ol lhe reduced producl. We are now ollering lhis valuable reagenl also
as an easier-lo-handle solulion in lhree dillerenl solvenls. heplane,
hexane, and D-pinene.
DlP-8romide
¹
has been used lor lhe asymmelric reduclion ol kelones,
in enolboralion reaclions, and lor lhe ring opening ol meso epoxides.
6

Sigma-Aldrich is pleased lo oller lhese excellenl reagenls lor asymmelric
synlhesis lo our cuslomers.
(!) (a) Chandrasekharan, J. el al. I. Orq. Chem. 1985, ¯0, 5446. (b) Srebnik, M.,
Pamachandran, P. V. A|dr|ch|m|ca Ac|a 1987, 20, 9.
(2) Drury, W. J., lll el al. Anqew. Chem.. |n|. |d. 2004, 4J, 70.
(3) 8eardsley, D. A. el al. 1e|rahedron |e||. 1994, J¯, !5!!.
(4) lelpin, l.-X., Lebrelon, J. I. Orq. Chem. 2002, 67, 9!92.
(5) Slocker, 8. L. el al. |ur. I. Orq. Chem. 2004, 330.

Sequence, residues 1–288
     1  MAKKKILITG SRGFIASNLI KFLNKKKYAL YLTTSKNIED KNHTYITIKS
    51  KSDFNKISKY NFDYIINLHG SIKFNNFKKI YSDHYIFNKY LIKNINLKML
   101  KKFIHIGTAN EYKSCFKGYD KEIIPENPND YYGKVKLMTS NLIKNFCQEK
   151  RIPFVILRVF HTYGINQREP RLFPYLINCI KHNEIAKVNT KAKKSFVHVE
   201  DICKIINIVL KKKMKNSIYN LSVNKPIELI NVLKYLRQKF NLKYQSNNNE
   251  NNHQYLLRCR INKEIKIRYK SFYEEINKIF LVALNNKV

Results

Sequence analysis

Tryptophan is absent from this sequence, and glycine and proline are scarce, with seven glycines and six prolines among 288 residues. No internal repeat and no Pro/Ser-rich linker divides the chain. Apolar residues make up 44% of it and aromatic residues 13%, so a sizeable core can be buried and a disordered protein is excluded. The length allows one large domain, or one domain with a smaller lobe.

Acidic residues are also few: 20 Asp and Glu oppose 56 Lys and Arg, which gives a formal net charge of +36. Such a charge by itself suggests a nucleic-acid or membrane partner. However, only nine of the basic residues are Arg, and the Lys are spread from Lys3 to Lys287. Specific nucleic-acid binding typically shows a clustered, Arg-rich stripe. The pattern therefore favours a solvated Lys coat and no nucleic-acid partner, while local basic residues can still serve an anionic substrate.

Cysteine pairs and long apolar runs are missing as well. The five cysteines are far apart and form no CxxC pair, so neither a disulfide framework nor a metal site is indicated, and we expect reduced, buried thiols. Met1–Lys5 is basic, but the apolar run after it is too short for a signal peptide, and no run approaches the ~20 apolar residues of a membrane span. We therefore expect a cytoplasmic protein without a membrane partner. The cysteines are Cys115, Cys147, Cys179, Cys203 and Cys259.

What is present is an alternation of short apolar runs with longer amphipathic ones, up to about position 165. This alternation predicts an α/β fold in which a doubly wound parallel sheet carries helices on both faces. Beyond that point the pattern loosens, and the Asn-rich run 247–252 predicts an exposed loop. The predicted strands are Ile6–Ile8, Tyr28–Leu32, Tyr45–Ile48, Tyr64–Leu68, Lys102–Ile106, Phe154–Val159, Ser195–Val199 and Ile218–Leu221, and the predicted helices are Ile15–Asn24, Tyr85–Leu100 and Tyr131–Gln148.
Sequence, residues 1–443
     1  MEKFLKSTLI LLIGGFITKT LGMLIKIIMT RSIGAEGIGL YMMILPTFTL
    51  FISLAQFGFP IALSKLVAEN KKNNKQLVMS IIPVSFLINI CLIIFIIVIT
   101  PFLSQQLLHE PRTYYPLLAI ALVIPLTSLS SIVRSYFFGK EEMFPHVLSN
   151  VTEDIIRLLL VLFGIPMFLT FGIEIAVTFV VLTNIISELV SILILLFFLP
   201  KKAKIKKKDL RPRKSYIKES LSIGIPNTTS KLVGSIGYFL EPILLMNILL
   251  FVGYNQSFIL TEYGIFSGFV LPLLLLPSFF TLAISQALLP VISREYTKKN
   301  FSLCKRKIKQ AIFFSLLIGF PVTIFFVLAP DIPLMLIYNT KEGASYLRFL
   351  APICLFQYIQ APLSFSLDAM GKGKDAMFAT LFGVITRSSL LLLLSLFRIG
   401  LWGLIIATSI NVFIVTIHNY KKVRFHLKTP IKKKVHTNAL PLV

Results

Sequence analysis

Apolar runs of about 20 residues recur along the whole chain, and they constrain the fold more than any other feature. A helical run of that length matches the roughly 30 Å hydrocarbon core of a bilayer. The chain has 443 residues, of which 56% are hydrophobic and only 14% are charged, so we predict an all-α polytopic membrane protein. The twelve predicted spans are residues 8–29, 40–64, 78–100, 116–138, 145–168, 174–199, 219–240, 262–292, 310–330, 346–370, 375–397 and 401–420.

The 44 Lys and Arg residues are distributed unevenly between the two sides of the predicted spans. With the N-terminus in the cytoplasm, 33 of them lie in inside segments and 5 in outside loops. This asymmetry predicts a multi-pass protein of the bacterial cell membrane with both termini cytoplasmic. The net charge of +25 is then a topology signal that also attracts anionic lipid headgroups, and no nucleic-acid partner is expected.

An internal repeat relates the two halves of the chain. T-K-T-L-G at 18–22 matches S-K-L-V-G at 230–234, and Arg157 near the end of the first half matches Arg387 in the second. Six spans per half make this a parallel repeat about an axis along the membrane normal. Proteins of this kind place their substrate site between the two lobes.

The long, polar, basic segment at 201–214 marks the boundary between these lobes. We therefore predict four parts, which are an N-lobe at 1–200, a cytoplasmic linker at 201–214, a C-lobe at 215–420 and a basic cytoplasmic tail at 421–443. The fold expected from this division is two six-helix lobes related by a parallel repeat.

(6) Dhar, P. K. A|dr|ch|m|ca Ac|a 1994, 27, 43.
DlP-Chloride and DlP-8romide are lrademarks and Seleclride a regislered lrademark ol Sigma-Aldrich 8iolechnology, L.P.
(+)-DIP-ChIoride
¹
31,701-2 5 g S33.50
25 g !08.00
!00 g 300.50
! kg 2!45.00
(-)-DIP-ChIoride
¹
31,702-0 5 g S35.00
25 g !06.00
!00 g 289.50
(-)-DIP-ChIoride
¹
soIution, 65-75 vt. % in :-pinene
65,529-5 25 mL S90.00
!00 mL 225.00
(-)-DIP-ChIoride
¹
soIution, 50-65 vt. % in heptane
64,841-8 25 mL S90.00
!00 mL 225.00
(-)-DIP-ChIoride
¹
soIution, 50-65 vt. % in hexanes
64,842-6 25 mL S90.00
!00 mL 225.00
(+)-DIP-ßromide
¹
, 95%
41,427-1 5 g S74.!0
25 g 270.00
(-)-DIP-ßromide
¹
, 95%
41,099-3 5 g S!77.00
25 g 590.00
L-5eIectride
®
soIution, 1.0 M in tetrahydro!uran
17,849-7 !00 mL S37.40
800 mL 277.00
8 L 93!.00
!8 L !865.00
L5-5eIectride
®
soIution, 1.0 M in tetrahydro!uran
22,592-4 !00 mL S!05.50


K-5eIectride
®
soIution, 1.0 M in tetrahydro!uran
22,076-0 !00 mL S83.30
800 mL 562.00
K5-5eIectride
®
soIution, 1.0 M in tetrahydro!uran